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MySQL – Inner Join


MySQL - Inner Join

MySQL Inner Join hides other rows and columns from the results and returns only those that match the specified condition. There is no need to specify the Inner Join keyword with the query since MySQL assumes it as a default join.

In order to understand it, we can look at the following visual representation showing only the matching results from table 1 and table 2.


SELECT columns  
FROM table1  
INNER JOIN table2 ON condition1  
INNER JOIN table3 ON condition2  

Using this syntax, we must first select the column list, then specify which table will be joined to the main table, appear in the Inner Join (table1, table2), and finally provide the condition after the ON keyword. In the Join condition, the matching rows between the two tables specified in the Inner clause are returned.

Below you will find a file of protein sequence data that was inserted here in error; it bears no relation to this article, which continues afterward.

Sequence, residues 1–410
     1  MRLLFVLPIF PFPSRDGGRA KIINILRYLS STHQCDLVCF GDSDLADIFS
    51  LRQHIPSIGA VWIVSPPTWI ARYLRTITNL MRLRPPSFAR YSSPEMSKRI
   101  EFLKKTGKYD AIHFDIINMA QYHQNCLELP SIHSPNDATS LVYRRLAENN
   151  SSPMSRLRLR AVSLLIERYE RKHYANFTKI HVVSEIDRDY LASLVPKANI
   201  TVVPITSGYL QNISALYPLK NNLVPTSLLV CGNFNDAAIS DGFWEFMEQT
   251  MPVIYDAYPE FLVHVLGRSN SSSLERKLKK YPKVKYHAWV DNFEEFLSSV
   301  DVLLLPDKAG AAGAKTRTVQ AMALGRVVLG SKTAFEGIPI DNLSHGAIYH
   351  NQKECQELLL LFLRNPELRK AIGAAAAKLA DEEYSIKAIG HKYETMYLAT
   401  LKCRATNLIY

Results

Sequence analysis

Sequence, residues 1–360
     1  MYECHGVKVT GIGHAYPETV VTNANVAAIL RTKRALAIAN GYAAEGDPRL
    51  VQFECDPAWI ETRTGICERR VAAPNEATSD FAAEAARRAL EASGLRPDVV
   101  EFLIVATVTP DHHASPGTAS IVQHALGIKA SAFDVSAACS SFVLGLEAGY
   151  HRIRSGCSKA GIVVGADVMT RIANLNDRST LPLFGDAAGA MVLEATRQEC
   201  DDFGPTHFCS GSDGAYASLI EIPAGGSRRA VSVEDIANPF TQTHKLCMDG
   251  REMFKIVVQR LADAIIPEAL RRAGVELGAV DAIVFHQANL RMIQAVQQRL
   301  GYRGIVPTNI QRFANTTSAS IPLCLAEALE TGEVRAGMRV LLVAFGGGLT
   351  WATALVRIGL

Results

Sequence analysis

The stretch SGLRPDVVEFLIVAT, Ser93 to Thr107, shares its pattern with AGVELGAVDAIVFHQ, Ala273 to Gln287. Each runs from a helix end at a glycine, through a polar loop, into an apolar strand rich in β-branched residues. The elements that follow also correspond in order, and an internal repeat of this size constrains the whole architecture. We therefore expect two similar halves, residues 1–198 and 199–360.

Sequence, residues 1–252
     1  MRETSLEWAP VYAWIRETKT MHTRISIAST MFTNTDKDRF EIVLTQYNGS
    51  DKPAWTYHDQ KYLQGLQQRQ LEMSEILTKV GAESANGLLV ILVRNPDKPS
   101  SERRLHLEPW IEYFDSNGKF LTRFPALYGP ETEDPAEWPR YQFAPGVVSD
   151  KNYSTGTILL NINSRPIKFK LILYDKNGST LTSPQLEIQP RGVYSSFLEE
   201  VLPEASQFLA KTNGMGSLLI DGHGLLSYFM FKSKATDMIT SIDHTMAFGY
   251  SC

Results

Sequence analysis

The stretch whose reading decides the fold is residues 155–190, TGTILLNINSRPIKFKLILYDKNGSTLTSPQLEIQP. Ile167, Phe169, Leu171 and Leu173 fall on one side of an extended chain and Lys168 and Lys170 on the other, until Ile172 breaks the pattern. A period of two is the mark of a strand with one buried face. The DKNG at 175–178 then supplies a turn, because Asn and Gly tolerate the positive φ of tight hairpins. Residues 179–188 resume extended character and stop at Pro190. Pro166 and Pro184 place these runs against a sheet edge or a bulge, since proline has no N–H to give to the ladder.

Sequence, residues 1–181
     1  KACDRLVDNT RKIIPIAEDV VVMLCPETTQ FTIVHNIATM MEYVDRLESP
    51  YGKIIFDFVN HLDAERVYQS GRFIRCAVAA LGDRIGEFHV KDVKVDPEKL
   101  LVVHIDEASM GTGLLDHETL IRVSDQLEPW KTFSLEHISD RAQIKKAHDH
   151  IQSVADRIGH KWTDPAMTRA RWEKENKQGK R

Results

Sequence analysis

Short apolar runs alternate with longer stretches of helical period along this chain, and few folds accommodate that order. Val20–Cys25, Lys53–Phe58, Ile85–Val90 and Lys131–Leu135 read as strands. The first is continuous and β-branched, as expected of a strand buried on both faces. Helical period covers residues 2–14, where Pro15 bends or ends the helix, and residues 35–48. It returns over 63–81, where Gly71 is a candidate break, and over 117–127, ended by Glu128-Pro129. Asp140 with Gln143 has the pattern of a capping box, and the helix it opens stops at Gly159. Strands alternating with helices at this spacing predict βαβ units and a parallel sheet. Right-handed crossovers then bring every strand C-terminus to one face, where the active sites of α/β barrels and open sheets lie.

The first step will be to create two tables, “employees” and “dept_emp,” containing the following information:


MySQL - Inner Join


MySQL - Inner Join

SELECT employees.last_name, employees.first_name    
FROM employees   
INNER JOIN dept_emp    
ON employees.emp_no = dept_emp.emp_no;

MySQL - Inner Join

MySQL Inner Join using Operators

Inner joins in MySQL are compatible with many operators, including greater than (>), less than (<), equal (=), not equal (=), etc. 


SELECT first_name, last_name, salary   
FROM employees  
INNER JOIN dept_emp  
 WHERE salary>1000 and  salary<2000;

MySQL - Inner Join